The complexity and relations in the different planes of referentiality are something akin to how we should read what I term “fatal geographies.” These are geographies that pose in a way a real existential threat to us and our planet, because they involve players who have the means to totally destroy our “worlds.” We can of course include the Western corporate geographies that have supplanted the older colonial geographies. McDonalds, Disney, Coca Cola, Google, Facebook, Amazon et al for example have their own competing geographies, their own levels. Then there is NATO and the EU etc. They all have their dangers.

But, for immediate dangers I would suggest that the three geographies and belief systems of Vladimir Putin, Xi Jinping and Recep Tayyip Erdogan represent the best examples of fatal geographies. These geographies have a telos that does not end well! Imagine placing maps on the table and they overlap. For the viewer it means nothing, but wherever they over lap represents deaths. For a better analogy in those mappae mundi that had paradise in terrestrial form, those overlaps are hells. In Charlie Chaplin’s “The Great Dictator” we see his “Hitler” with a globe:

Maps and power go together. Maybe there is a form of map mania? When we look at how two people argue over a map and directions, then consider the international disputes over territory! There are numerous territorial disputes many that have arisen from Fatal Geographies. While very rarely do ramblers in the countryside come to blows and fisticuffs over maps, there are unfortunately millions who have died over territorial disputes.

While at the University of East Anglia, my alma mater, I wrote a long essay as an undergraduate on the concept and theory of what constitutes a village. Basing my ideas upon a Polish sociologist (whose name I have sadly forgotten) and others, I concluded that until there is a threat or a natural catastrophe, a village is a collection of heterogeneous buildings. What makes a village is the common bonds between peoples and their combined reaction to say a fire or in the case of Ukraine, a war. We see courage and identification with the land and the neighbours. The same is true of quasi sovereign states such as Taiwan. Here one should apply the law of equity to territory and construct a nation status from the fact that the island has acted as a nation for a considerable period.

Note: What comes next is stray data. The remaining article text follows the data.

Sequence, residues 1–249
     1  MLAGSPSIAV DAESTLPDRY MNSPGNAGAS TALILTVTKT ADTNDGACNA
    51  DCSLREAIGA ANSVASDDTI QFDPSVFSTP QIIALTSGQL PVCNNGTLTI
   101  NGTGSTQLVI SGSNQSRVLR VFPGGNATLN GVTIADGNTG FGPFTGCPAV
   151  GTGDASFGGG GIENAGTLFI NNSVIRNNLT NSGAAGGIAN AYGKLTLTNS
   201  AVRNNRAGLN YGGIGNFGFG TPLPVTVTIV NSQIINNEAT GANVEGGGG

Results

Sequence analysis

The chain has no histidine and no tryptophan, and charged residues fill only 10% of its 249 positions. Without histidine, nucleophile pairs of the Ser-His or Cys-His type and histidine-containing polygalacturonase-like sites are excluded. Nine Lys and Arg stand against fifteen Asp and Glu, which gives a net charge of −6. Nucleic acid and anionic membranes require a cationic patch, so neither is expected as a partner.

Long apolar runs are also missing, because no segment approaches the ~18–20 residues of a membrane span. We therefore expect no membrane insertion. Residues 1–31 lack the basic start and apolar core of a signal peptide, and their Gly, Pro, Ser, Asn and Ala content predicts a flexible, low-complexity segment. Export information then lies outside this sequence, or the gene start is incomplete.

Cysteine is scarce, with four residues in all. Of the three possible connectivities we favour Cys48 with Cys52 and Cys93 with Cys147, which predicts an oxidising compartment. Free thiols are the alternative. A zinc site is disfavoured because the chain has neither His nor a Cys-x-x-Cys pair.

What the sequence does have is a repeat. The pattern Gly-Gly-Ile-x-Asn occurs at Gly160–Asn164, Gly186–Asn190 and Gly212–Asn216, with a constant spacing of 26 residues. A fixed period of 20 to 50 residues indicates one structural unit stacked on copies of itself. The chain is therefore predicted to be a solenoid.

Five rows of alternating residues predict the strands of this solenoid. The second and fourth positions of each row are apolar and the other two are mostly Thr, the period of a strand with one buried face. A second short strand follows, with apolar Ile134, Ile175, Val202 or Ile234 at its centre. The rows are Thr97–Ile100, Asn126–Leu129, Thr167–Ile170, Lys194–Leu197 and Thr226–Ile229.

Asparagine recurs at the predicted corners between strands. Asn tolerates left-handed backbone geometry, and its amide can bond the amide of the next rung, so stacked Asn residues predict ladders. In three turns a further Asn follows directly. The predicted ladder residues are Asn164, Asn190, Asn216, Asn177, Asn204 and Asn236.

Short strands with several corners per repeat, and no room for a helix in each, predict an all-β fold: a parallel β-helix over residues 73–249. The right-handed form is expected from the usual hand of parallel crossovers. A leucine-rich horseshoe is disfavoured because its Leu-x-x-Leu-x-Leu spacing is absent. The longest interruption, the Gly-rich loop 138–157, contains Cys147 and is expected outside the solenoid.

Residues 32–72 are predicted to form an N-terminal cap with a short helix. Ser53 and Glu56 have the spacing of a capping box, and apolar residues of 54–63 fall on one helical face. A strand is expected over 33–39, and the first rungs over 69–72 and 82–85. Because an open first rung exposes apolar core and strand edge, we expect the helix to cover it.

This is very different from forceful occupation and illegal constructions of suzerain states such as Tibet and Mongolia where the original peoples and their sovereign wills/wealth have been subsumed under imperial meta states. Resolution of disputes should not involve warfare. We are in the 21st century! Imagine neighbours arguing over a hedge and eventually arming each other! Then firing indiscriminately. It is absurd. War is absurd.

Stephen Pain writes short stories, essays, and poetry. His writing has appeared in New Poetry, Deep South, Black Bear Review, Pen & Sword, and Kilometer Zero.

Put Us on the Map (Not that one.)

Brian's Musical Geography

Jerusalem ::: Jordi Savall

The End of the World :: Skeeter Davis

Everybody Wants To Rule The World ::: Tears For Fears

Beyond The Sea ::: Bobby Darin

Maps ::: The Yeah Yeah Yeahs

Kingdom Come ::: The Band

The World To Come ::: Johnny Flynn

Across The Borderline :: Ry Cooder

Jerusalema :: Master KG

When the music’s over : The Donors